Light and dark, water and light together.
(Click to enlarge image)

Further back from the coast,
one finds dark rainforest patches, in deep gullies.

Such sites are perfect for the Coachwood Tree
For reasons I do not understand the Coachwood always has patches 
of soft grey-green colour, 
(which I always enjoy looking at), 
which seems to come from a microscopic lichen.

My eye was taken by the colour contrast 
offered by the single bright red berry of the Morinda vine 
against the grey green lichenised bark, 
and the moss growing on the Coachwood.
Click to enlarge the image.

Back into the light and water.
Here is a young male Fur Seal seen at Wagonga Inlet, Narooma.
The seals normally reside at Montague Island, 
but some have taken to life in the Wagonga Inlet, 
where they hang around the boat ramps 
and fish cleaning tables, waiting to be fed.
With the size of these animals, 
and the numbers of little children who like to watch
the seals and rays feeding
there is a potential accident waiting to happen at Narooma.

There need to be warning signs erected, 
and common-sense behaviour guidelines observed.
Make no mistake - 
this doe-eyed seal is a powerful wild animal.

Fur Seal, trying to "con" fishermen into feeding it with fish carcasses.
And my final piece in this 
photo essay about "light".
 Here is a near-perfect Spiderweb
(seen in the early-morning light, of course).
(Click to see the details in the web)
This spider is possibly the "Bush Orb Weaver"
and the fact that the Spider was quite small, 
and its web was very delicate. 
It was clearly was not one of the much larger Orb Weaver spiders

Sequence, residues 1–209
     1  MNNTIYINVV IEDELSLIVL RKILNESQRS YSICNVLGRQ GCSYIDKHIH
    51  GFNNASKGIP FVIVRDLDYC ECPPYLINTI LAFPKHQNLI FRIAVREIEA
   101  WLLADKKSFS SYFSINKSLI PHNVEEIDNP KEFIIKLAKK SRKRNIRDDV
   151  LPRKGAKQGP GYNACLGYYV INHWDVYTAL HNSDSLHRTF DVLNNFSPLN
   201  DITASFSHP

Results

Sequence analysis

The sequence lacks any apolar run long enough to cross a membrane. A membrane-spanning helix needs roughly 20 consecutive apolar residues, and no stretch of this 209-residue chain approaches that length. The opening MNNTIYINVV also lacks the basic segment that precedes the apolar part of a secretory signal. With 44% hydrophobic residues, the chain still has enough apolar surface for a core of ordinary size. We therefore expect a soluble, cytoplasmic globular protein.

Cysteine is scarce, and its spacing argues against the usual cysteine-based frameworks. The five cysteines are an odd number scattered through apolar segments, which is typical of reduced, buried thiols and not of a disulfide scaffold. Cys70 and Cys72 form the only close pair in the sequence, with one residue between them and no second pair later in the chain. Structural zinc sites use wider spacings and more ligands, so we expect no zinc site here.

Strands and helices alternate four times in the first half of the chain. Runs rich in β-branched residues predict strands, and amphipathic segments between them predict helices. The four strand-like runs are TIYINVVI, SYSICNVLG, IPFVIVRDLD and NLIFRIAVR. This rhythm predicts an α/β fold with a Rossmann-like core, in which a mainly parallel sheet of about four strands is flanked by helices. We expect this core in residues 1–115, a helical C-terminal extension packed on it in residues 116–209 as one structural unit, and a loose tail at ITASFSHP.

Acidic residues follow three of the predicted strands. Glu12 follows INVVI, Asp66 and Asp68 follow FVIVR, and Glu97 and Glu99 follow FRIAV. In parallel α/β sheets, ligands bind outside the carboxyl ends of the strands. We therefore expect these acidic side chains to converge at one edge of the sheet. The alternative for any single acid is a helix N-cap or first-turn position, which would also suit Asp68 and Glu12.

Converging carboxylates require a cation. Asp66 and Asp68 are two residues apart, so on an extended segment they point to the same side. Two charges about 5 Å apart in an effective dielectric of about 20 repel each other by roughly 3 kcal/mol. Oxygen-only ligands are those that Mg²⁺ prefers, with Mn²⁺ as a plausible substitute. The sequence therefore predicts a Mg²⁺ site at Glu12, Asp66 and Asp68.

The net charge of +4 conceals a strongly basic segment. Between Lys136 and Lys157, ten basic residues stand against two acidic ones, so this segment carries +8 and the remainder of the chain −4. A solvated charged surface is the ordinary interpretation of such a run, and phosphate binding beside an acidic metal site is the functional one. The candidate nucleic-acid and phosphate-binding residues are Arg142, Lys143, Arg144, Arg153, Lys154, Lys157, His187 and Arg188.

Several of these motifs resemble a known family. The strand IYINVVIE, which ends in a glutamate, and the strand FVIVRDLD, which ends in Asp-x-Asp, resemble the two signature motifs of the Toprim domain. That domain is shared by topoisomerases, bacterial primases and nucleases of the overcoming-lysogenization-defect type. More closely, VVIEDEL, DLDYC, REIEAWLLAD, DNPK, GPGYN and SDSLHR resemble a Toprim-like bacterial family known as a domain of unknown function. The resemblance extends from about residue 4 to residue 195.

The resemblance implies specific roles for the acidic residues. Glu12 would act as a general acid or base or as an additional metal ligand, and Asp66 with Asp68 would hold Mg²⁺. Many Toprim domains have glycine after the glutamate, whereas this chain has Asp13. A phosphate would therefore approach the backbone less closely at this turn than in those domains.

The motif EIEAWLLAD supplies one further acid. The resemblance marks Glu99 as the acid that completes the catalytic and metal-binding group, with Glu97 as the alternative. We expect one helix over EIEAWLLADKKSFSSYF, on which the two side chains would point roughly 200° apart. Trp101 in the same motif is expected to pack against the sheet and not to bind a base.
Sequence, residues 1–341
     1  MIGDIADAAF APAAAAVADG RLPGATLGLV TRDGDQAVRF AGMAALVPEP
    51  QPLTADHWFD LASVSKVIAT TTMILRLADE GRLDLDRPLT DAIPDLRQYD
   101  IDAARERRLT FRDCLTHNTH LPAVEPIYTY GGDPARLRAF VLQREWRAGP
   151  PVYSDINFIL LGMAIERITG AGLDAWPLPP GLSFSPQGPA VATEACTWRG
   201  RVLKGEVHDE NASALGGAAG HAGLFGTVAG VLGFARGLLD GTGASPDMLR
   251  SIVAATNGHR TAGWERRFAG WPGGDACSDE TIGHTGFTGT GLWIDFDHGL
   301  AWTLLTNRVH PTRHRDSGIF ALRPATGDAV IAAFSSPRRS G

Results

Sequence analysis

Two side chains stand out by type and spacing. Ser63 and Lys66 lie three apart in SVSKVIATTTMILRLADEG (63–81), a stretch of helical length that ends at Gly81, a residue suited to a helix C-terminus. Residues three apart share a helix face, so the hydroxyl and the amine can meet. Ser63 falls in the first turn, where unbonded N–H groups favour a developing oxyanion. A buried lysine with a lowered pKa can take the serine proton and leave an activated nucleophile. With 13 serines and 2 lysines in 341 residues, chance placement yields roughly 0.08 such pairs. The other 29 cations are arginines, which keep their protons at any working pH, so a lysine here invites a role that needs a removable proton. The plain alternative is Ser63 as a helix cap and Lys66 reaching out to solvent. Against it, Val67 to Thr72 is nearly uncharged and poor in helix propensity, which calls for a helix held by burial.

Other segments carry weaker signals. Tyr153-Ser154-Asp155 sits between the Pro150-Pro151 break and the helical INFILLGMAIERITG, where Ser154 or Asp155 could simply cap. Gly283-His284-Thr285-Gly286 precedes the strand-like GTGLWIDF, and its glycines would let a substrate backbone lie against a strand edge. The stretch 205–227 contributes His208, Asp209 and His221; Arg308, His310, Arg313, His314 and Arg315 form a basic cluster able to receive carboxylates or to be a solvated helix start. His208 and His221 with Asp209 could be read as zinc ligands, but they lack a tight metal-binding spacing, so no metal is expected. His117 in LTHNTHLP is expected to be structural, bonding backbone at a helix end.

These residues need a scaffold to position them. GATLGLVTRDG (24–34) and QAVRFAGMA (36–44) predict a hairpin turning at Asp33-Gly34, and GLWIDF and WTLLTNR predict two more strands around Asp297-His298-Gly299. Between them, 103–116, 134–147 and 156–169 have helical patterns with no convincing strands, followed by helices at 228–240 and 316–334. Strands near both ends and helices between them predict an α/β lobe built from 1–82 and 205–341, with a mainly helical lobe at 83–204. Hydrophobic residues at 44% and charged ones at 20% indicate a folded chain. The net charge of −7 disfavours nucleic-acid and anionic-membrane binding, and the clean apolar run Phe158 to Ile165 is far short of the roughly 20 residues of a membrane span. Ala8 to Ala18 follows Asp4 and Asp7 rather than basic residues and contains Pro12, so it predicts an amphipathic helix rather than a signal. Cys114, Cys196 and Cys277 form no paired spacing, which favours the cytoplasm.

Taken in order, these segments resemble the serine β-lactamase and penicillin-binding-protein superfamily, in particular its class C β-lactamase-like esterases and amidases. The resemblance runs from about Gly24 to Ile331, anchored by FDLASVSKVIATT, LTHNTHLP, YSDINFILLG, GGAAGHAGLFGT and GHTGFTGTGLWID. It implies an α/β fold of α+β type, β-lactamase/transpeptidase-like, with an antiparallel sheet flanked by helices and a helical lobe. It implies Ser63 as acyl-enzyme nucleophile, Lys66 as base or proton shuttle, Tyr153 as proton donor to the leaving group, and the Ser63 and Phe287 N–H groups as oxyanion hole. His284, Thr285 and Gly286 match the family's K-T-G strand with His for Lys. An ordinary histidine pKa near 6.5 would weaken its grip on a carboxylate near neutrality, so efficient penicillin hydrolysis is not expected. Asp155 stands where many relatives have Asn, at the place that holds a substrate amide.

whose webs are very strong, 
(and often golden in colour - which this definitely was not).
Those webs can be quite scary when one walks through them
and then (shock horror) discovers that 
one is carrying the large spider on your chest.

This little spider was safely left undisturbed.
Possibly a Bush Orb Weaver (Araneus eburnus)
 Fortunately, I was able to avoid 
this gorgeous little Orb Weaver.
I left her in peace, delicately weaving her web
producing the silken web with her spinnerets 
and positioning it with her back legs.

Spider webs are 
some of the finest textures
we can see with our poor human eyes.

Insects and spiders, of course, would find that laughable.
But it comes back to my point about light.
 Walking towards the early-morning sun 
I could easily discern the spiders web
catching the light on the fine fibres.
But when returning to the car, 
(with my back to the sun)
I had to be very careful to remember where the web was located
or else I would have walked straight through it
without seeing a thing.

Spiders, Plants, Frogs, Seals, Birds 
all depend on 
Light and Water;
Air and Earth.
We need to treasure these elements
lest we lose everything.

This is our role in the universe
to be the custodians.
We risk being the destroyers instead.

Let us learn from observing
the importance of light and water.


Le Loup said...

Love that 1st image.

Zoe said...

I love it, and I love you too!!
Beautiful post Dad xx

Denis Wilson said...

Thanks Le Loup and Zoe.
I liked the first image too.
So bright I had to close down the settings completely, to get any image, and it washed out the colours completely.
F/13, 1/6400th of second produced that effect.
I was simply experimenting, to see what I could capture.
It made a perfect lead into an essay on Light and Water.
Glad you liked it.